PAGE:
from The Century Dictionary.

  • In an unfit manner; not properly; unsuitably; inappropriately.

from Wiktionary, Creative Commons Attribution/Share-Alike License.

  • adverb In an unfit manner; unsuitably, inappropriately, not fitly.


Sorry, no etymologies found.


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  • St. Peter, their whole hierarchy, or kingdom of darkness, may be compared not unfitly to the kingdom of fairies; that is, to the old wives 'fables in England concerning ghosts and spirits, and the feats they play in the night.

    Leviathan 2007

  • Levites might not unfitly be attributed the name of clergy, from

    Leviathan 2007

  • And this is a disease which not unfitly may be compared to the epilepsy, or falling sickness (which the Jews took to be one kind of possession by spirits), in the body natural.

    Leviathan 2007

  • These two sorts of essences, I suppose, may not unfitly be termed, the one the real, the other nominal essence.

    An Essay Concerning Human Understanding 2007

  • Before proceeding to legislate, then, we must prove that they are two, and what is the difference between them, that when we impose the penalty upon either, every one may understand our proposal, and be able in some way to judge whether the penalty is fitly or unfitly inflicted.

    Laws 2006

  • A minute discussion of this subject would be a serious task; but if, as before, I am to give only an outline, the subject may not unfitly be summed up as follows.

    Timaeus 2006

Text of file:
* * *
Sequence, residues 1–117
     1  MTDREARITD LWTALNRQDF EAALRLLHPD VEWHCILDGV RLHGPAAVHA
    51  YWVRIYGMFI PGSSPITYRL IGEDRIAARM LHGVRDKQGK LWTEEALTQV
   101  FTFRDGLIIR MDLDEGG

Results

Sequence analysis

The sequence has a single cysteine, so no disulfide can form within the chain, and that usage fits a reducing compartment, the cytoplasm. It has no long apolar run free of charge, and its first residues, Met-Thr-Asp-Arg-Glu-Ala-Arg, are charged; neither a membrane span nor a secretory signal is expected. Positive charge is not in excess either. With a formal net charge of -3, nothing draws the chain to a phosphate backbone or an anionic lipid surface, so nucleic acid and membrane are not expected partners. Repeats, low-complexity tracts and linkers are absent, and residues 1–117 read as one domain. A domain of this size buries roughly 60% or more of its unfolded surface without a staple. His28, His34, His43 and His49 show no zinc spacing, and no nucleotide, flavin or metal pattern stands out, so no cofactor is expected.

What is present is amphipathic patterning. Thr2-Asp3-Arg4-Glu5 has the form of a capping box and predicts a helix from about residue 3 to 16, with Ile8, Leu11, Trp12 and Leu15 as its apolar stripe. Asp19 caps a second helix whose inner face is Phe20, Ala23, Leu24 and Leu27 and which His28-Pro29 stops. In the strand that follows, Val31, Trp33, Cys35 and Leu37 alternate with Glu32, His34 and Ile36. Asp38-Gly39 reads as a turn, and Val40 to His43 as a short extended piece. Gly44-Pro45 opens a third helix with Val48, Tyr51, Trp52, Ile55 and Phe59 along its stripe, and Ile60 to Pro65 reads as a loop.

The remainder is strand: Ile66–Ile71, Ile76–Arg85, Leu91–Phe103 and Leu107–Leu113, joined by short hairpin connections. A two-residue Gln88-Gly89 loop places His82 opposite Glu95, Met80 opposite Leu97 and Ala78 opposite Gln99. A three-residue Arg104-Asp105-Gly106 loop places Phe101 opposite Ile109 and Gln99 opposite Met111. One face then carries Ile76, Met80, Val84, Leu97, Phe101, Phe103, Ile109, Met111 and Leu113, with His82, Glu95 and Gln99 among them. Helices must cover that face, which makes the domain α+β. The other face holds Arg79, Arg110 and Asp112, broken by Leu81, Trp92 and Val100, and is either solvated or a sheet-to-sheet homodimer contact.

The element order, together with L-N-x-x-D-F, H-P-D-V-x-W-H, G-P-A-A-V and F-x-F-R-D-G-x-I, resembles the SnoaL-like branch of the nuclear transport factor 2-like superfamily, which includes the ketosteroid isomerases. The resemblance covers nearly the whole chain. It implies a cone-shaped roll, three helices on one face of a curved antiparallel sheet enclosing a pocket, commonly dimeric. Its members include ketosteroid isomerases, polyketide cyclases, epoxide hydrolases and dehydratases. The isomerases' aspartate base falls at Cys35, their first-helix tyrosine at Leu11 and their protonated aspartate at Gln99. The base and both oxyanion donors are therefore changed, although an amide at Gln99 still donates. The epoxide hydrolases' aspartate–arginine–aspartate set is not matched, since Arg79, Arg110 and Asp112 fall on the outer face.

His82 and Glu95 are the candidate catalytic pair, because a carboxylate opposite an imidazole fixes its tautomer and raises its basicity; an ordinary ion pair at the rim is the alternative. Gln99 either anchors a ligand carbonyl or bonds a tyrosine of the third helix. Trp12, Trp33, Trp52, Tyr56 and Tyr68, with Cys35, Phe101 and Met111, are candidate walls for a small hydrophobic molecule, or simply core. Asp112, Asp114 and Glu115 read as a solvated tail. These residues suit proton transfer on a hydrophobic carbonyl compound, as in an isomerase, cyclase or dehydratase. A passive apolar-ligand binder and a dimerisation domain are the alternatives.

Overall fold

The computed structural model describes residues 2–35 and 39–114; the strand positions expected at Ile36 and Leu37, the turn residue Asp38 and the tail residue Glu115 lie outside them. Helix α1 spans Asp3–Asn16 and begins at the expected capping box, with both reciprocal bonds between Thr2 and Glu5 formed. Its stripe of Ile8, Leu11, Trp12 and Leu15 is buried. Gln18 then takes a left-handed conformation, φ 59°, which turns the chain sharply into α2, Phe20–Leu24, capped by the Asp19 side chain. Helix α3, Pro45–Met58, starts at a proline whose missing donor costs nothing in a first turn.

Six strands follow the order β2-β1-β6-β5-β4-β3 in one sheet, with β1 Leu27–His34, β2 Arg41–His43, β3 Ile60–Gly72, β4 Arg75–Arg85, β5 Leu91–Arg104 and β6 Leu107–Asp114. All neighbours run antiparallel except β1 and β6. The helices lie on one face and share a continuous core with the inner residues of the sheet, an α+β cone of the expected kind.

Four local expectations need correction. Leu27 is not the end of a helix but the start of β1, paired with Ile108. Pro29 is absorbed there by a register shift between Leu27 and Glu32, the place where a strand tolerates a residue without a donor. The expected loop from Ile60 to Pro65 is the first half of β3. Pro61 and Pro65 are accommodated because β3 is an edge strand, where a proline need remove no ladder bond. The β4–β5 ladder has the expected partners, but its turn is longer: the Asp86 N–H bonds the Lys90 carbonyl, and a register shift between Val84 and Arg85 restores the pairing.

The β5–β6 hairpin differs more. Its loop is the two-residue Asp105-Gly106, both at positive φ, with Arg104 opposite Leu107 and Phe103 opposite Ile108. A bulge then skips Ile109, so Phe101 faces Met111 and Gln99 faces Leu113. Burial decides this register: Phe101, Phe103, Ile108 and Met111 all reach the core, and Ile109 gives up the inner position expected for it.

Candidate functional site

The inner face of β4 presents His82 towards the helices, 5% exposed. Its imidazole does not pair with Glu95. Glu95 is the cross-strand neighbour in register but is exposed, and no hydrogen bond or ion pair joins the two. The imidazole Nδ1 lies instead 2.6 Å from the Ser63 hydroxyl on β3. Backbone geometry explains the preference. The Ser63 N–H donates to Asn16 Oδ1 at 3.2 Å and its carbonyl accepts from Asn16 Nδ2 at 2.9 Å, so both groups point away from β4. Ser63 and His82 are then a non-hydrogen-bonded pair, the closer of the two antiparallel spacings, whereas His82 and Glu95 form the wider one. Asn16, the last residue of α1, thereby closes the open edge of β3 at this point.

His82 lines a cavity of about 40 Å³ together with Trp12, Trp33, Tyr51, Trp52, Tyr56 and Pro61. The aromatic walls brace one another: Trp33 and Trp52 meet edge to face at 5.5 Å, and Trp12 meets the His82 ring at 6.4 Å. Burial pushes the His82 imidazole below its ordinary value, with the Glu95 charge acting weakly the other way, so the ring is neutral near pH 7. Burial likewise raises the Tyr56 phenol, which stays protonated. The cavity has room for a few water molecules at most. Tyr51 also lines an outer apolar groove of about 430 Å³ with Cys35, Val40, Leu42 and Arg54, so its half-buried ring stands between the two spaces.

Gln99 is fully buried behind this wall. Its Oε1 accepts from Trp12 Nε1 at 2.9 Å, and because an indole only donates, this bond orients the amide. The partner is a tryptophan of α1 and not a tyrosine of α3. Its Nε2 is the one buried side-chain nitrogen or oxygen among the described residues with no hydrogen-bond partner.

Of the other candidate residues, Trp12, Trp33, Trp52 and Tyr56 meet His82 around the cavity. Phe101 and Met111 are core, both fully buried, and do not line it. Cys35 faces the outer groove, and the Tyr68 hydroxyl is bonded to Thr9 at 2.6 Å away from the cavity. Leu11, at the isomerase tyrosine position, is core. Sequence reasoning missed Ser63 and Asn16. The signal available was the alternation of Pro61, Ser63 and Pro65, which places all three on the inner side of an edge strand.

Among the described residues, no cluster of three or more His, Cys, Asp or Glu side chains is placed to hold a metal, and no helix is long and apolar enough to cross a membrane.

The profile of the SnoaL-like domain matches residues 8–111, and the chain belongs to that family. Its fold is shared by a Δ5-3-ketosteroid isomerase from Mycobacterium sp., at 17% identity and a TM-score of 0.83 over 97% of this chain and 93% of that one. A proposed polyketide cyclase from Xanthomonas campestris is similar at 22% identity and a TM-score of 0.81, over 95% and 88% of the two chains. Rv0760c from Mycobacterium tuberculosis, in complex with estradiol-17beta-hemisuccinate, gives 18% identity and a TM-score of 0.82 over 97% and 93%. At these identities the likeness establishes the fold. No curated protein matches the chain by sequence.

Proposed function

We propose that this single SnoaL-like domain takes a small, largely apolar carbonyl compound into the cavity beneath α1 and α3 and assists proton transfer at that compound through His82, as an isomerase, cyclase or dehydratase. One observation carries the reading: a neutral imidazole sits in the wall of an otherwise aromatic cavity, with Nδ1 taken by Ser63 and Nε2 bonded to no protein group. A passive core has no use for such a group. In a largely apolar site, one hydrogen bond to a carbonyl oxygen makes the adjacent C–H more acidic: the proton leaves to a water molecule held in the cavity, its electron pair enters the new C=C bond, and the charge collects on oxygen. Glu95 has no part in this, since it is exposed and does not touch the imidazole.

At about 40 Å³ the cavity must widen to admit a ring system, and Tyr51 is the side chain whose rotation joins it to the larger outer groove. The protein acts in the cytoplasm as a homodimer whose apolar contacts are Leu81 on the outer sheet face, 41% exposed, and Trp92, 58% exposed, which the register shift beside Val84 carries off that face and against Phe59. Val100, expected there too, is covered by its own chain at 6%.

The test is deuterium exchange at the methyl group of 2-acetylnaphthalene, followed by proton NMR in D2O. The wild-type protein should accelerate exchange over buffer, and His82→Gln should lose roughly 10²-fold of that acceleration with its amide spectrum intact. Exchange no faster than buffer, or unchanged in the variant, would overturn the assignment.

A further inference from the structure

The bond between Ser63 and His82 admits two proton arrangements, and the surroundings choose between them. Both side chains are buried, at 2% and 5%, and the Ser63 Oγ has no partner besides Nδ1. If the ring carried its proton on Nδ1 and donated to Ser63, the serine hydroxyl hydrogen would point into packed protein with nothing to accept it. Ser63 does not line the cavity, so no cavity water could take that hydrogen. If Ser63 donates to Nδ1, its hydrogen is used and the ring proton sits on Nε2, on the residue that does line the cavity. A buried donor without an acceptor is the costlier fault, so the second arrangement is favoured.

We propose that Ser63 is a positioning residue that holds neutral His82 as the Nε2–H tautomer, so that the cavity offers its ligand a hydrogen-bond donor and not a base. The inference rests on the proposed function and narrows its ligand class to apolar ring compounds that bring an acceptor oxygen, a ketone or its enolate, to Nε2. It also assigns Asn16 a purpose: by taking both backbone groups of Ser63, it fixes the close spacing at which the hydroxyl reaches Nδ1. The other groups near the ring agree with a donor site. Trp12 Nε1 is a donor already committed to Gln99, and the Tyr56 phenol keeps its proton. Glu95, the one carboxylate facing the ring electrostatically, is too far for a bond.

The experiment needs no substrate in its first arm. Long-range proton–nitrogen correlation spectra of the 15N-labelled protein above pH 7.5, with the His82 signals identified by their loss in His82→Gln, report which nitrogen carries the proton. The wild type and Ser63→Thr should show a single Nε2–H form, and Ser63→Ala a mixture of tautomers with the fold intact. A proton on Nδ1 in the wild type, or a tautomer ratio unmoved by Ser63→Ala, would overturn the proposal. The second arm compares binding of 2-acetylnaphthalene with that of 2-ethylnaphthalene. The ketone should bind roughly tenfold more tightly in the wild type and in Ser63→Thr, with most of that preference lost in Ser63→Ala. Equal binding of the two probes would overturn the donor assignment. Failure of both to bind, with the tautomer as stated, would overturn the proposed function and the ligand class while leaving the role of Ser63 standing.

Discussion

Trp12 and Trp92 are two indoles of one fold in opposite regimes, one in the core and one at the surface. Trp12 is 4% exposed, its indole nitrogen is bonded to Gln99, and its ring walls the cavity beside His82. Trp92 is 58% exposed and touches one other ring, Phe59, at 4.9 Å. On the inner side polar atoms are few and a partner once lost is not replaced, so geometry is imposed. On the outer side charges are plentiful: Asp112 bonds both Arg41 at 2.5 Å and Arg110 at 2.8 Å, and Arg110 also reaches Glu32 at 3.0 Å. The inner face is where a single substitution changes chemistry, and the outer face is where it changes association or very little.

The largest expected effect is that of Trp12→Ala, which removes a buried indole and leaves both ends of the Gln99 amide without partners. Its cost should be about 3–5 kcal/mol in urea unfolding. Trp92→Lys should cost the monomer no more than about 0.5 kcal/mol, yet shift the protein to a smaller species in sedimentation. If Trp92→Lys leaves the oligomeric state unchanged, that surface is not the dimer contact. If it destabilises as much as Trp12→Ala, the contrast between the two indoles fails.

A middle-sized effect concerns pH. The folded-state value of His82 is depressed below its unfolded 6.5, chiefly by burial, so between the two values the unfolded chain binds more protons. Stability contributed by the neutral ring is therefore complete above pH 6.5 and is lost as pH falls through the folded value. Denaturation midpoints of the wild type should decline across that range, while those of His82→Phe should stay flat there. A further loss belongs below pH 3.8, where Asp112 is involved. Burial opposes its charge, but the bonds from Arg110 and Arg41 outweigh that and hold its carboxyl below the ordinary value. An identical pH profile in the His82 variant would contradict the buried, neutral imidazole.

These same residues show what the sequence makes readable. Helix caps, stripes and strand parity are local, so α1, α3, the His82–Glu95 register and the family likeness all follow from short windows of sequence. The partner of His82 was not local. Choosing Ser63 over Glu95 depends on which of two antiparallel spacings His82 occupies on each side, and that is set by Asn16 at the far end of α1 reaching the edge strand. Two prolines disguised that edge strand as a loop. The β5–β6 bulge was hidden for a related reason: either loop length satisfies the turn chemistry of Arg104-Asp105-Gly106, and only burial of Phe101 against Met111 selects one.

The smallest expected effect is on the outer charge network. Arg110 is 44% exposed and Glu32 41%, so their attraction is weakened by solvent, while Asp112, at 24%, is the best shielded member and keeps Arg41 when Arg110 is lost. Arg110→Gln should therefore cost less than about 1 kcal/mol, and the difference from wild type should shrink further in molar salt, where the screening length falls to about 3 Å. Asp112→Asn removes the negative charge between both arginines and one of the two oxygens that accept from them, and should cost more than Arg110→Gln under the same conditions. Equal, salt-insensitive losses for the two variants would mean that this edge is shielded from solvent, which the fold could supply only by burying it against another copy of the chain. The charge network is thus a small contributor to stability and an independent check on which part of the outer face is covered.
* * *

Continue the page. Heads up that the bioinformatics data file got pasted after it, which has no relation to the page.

• These two sorts of essences, I suppose, may not unfitly be termed, the one the real, the other nominal essence.

    God, Aids & Circumcision Hill, George 2005

  • He says, that the infant in the womb is nourished by Nature, like a plant; but when it is brought forth, being cooled and hardened by the air, it changes its spirit and becomes an animal; whence the soul is not unfitly named Psyche because of this refrigeration [Greek omitted].

    Essays and Miscellanies 2004

  • The ocean, in everlasting but gentle agitation, and brooded over by a dove-like calm, might not unfitly typify the mind and the mood which then swayed it.

    Confessions of an English Opium-Eater 2003

  • For the opinion of Plato, who placed the understanding in the brain, animosity (which he did unfitly call anger, having a greater mixture with pride) in the heart, and concupiscence or sensuality in the liver, deserveth not to be despised, but much less to be allowed.

    The Advancement of Learning 2003


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